1) CUSTOMIZED, FACTORY ENGRAVED REMINGTON HEPBURN SINGLE SHOT RIFLE CONVERTED TO MEDIUM HEAVY VARMINT RIFLE IN .219 IMPROVED ZIPPER CALIBER, probably done in the 1930s-1950s when these rifles didn’t seem to hold a lot of value to collectors (lots of converted single shot rifles during this time!). This one is unusual in that the receiver appears to be factory engraved with scrolls and game scenes (rabbit on one side and a fox on the other) with reblued at time of conversion over the engraving, meaning the engraving was on the gun before refinishing/customizing! It was also converted to under-lever breech block opening (like on a Highwall or Sharps), it is fitted with a 24: medium heavy varmint barrel, nicely grained pistol grip stock with cheek piece and accent line, flat bottom varmint forend, sling swivels and topped with a (more modern) 6-24X BSA Platinum scope (here’s the factory info on the scope: “Extremely tight optical and mechanical tolerances give these scopes consistency a nd superb accuracy. Features multi-coated lenses, finger adjustable windage and elevation target turrets, generous eye relief and an adjustable objective that adjusts from 25 yards out to infinity. Completely waterproof, fogproof and shockproof. Comes with a limited lifetime factory warranty.”). Unmarked barrel, I was told by the previous owner that the caliber is .219 Imp. Zipper and that appears correct- it was also the most popular varmint caliber for rifles like this. Tight action, target crowned muzzle, light trigger and all in exc. condition overall. Would cost a fortune to have made today…if you could even find the action (not to mention engraving!) NOTE: three photos- the engraving didn't show up in the first two from light reflection, but you see it in the last photo- same on both sides.  $2150.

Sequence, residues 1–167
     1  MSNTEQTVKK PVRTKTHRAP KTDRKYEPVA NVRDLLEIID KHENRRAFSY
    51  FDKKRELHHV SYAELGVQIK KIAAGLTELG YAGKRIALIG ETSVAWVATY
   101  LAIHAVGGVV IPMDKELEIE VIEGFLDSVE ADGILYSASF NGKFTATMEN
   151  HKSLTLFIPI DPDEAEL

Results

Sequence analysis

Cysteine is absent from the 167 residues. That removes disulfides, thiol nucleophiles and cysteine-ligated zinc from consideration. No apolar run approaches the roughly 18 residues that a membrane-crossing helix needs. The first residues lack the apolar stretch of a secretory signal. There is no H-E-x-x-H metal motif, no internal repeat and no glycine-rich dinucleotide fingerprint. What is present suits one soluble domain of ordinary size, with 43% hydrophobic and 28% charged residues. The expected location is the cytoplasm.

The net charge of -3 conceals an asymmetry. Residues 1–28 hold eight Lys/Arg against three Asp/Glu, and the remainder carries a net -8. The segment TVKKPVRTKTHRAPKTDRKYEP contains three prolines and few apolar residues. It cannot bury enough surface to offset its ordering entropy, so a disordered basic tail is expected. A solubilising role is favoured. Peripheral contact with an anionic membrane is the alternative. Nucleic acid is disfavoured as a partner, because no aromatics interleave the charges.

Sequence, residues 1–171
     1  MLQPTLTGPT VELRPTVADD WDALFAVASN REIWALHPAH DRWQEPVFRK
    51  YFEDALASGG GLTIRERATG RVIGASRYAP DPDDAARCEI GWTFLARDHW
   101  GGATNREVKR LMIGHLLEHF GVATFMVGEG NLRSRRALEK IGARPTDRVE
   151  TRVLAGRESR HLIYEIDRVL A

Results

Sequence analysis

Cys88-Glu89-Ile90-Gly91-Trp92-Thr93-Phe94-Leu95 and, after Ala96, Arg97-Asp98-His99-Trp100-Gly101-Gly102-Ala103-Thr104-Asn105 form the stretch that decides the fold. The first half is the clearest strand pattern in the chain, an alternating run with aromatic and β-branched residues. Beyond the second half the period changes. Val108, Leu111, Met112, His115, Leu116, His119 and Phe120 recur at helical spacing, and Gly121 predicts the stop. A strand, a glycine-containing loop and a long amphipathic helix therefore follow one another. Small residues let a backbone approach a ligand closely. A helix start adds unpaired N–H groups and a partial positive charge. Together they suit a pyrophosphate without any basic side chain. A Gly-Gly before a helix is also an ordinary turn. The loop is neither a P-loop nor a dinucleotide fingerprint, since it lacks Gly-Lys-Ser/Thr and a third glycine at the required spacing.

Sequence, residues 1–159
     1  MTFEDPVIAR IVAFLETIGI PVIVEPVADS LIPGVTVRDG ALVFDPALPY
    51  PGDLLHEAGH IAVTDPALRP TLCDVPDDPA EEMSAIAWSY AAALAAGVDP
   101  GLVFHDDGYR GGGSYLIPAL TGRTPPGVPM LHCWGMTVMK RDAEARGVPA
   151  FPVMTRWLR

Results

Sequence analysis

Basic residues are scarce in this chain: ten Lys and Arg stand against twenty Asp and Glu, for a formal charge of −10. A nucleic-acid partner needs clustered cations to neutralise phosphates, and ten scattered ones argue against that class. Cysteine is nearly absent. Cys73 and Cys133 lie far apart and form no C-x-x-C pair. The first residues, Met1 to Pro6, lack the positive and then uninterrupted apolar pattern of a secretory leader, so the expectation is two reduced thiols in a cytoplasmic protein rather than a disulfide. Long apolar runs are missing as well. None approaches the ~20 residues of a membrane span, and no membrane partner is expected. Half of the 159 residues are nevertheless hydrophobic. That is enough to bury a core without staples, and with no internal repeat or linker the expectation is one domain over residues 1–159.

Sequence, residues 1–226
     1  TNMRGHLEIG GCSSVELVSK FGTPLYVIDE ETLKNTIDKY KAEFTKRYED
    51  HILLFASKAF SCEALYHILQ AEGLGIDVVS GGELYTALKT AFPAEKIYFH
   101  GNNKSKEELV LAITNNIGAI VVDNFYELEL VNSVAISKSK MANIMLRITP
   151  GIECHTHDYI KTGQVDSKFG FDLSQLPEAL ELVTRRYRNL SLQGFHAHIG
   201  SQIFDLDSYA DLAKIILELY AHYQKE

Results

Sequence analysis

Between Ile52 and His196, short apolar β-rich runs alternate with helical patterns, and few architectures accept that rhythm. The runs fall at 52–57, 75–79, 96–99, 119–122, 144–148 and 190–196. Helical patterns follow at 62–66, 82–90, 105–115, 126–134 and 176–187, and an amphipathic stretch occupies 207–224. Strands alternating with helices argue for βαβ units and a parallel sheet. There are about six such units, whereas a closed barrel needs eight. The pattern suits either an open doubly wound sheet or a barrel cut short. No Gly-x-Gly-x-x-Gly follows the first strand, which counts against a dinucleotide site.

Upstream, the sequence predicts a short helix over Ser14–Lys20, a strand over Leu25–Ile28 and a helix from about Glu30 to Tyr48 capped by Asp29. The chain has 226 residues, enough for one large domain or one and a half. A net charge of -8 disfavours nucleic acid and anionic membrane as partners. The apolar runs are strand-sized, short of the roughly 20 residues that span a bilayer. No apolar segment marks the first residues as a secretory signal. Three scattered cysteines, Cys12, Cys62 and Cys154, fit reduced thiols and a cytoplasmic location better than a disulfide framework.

2) RARE MERWIN, HULBERT & COMPANY SINGLE ACTION POCKET ARMY .44-40 REVOLVER WITH 3 ½” BARREL, MADE 1876-1880s. Most of these that I have seen over the years have been in much used and often abused condition, this one is in much finer condition than normally encountered. Further, it has the scarce and desirable marking on the right side of the frame, “MERWIN, HULBERT & CO. N.Y.” over “POCKET ARMY.”  According to Flayderman’s Guide (unfortunately the latest edition is 11 years old now and since Norm Flayderman’s passing will probably be the last updated edition- too bad, this is still the best resource for antique firearms) this “Pocket Army” marking is worth a 20% to 40% premium. Left side of frame correctly marked for the .44-40 caliber, “CALIBRE WINCHESTER 1873.” The barrel has the usual Hopkins & Allen markings with patent dates. Nickel plated finish was standard on this model and this example shows fine nickel interspersed  with fairly bright metal where the nickel has peeled- this makes it difficult to determine exactly how much nickel remains, but gives the entire handgun an even and attractive appearance. I would estimate at least half of the nickel remains and possibly a good bit more. The original hard rubber grips are excellent and all numbers match- I believe the number on the “knuckle extension” is the serial number with all other parts stamped with a matching assembly number. All screws are excellent and all markings are fine with nice aged blue on the trigger guard. This unique action revolver was considered ahead of its time and was of superb quality.  By putting the hammer to half cock, the sliding latch under the frame ahead of the trigger guard could be slid forward. This released the barrel and cylinder.  Turning the barrel clockwise and pulling forward ejected all cartridges simultaneously. Then, pressing the spring loaded latch on the left side of the barrel assembly allowed for the barrel and cylinder to come completely off the frame for reloading or cleaning. Truly an amazing design! These were also made in double action which are less rare and desirable than the single action variety like this one. Fine mechanically with near excellent bore, this is a really fine example of one of the more interesting high quality Old West handguns that competed with the big Colt and S&W revolvers of the day. (3 photos) $2350.